The German Pinscher is one of the oldest breeds in Germany, dating back several centuries. It gave rise to the Miniature Pinscher, Rottweiler, Standard Schnauzer, Affenpinscher, and the Doberman Pinscher (among other breeds). The breed was primarily used as a farm dog, responsible for ratting, or hunting and killing vermin. They also served as all-around handy farm dogs, helping with herding livestock, guarding the property, and offering companionship to their owners. The breed was nearly wiped out during World War II, but was revived by Werner Jung in the 1950s.
German Pinschers can suffer from cataracts, color dilution alopecia, degenerative myelopathy, hip dysplasia, persistent hyperplastic tunica vasculosa lentis, persistent right aortic arch, vitreous degeneration, and von Willebrand disease (Type I). There have been small incidences of heart problems documented, as well as delayed post-vaccine complications in this breed.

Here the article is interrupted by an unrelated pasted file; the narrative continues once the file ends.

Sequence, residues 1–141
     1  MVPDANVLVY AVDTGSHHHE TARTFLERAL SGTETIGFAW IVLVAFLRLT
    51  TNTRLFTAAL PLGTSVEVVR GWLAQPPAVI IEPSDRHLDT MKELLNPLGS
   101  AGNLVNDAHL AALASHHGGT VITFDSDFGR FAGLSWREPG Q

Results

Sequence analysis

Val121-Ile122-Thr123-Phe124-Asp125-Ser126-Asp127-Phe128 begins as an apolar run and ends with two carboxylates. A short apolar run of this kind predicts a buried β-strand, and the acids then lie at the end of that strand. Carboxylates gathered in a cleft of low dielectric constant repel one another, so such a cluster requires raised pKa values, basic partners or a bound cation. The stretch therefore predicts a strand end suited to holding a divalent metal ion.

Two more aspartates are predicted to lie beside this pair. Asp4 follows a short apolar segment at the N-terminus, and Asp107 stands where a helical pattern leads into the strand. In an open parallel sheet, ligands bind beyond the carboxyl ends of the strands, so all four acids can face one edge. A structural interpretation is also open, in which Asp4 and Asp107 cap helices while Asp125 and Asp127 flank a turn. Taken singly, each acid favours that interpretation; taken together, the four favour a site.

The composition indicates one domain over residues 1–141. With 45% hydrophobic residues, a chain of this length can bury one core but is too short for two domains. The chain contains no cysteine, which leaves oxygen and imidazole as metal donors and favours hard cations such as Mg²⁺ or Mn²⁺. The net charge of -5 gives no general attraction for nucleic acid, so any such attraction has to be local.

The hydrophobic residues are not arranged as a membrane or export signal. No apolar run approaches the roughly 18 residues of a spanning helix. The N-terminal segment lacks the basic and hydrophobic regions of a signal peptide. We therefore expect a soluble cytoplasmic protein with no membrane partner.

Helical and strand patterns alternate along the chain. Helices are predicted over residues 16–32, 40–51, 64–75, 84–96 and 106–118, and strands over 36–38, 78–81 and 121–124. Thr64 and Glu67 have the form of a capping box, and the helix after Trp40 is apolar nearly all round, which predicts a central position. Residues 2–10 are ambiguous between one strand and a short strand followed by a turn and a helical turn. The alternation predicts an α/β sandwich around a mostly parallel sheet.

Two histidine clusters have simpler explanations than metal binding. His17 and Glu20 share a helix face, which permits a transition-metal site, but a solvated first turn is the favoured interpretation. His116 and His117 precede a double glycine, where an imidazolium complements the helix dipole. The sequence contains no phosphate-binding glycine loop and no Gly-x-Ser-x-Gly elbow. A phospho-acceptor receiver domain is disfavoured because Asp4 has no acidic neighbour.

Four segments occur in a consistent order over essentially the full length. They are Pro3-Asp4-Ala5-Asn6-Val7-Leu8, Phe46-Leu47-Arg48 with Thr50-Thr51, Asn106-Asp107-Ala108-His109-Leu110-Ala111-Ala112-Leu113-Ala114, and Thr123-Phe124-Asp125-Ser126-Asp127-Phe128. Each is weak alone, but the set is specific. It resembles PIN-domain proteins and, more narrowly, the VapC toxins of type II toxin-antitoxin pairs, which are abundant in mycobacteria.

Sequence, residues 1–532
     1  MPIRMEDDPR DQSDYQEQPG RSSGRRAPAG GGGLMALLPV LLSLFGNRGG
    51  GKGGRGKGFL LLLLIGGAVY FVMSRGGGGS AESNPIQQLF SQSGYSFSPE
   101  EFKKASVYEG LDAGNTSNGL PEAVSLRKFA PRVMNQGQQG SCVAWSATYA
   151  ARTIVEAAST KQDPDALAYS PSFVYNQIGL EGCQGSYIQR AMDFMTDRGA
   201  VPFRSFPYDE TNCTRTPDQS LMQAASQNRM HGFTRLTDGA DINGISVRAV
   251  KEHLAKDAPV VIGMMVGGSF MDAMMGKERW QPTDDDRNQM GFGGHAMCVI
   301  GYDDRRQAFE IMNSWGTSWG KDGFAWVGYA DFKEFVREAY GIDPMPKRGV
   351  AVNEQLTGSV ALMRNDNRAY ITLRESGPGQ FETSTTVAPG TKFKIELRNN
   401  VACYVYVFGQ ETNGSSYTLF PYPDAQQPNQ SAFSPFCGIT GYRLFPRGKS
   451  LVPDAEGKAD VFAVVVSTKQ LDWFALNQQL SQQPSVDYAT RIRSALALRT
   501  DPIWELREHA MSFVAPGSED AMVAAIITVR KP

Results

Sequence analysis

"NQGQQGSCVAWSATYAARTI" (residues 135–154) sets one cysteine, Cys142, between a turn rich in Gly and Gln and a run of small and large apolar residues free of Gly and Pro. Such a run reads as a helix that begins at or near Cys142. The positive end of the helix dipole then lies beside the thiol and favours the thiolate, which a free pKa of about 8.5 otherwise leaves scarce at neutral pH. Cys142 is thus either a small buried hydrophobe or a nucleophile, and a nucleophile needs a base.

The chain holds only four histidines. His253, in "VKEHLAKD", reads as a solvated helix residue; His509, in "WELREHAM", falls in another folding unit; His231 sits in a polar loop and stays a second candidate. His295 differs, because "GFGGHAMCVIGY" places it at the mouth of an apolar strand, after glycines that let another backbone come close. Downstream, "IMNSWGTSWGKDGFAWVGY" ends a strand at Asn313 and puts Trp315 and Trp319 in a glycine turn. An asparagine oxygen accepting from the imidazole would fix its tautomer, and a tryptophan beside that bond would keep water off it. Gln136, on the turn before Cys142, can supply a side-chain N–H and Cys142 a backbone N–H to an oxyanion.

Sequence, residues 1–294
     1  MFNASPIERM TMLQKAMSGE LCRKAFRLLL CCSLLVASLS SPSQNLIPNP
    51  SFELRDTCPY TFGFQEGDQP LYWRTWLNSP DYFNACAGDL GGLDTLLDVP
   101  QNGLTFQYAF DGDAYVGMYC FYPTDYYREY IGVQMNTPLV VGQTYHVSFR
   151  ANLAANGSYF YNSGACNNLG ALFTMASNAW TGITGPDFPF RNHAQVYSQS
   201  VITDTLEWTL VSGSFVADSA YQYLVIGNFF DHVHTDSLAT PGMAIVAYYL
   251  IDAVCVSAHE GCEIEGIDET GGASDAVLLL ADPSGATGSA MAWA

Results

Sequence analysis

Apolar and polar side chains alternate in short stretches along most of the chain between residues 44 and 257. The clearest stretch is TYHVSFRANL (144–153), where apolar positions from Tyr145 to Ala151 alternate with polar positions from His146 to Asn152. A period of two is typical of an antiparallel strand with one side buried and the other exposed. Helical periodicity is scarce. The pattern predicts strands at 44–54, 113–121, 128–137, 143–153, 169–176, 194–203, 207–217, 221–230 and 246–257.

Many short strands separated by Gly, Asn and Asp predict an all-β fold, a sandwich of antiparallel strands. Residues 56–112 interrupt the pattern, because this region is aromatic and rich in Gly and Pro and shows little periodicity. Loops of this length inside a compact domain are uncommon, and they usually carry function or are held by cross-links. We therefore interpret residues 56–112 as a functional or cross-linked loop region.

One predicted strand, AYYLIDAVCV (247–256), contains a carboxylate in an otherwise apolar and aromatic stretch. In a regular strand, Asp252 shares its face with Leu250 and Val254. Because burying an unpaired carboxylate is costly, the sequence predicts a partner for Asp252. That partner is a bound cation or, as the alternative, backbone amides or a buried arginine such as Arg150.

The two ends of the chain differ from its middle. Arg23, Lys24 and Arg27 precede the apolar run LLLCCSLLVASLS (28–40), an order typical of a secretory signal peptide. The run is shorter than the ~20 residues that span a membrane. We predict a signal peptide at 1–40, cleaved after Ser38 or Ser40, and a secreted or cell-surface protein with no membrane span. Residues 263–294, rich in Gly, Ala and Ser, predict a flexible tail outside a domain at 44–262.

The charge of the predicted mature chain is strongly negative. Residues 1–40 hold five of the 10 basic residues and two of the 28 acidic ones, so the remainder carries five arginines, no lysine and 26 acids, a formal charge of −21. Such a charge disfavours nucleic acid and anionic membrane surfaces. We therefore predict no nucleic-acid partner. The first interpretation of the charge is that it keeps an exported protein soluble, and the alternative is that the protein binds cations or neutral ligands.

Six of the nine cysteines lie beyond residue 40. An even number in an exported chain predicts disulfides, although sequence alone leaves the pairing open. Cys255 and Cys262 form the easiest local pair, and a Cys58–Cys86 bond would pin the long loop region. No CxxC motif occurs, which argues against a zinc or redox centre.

German Pinschers are known for their lively, energetic personalities. They are intelligent, alert, and brave, which makes them excellent watchdogs. This breed is also typically very loyal and forms strong bonds with their family members. However, due to their high energy and intelligence, German Pinschers require plenty of mental and physical stimulation to prevent them from becoming bored and potentially destructive. They are known to be somewhat reserved with strangers but are usually good with children and other pets if properly socialized.
The name Pinscher translates to "terrier" in German, indicating the breed's original job as a ratter.
The German Pinscher is considered the "middle" dog in the family of Pinschers and Schnauzers – larger than the Miniature Pinscher but smaller than the Doberman.
Despite their similar names, the German Pinscher and the Doberman Pinscher are distinct breeds, with the former being the older of the two.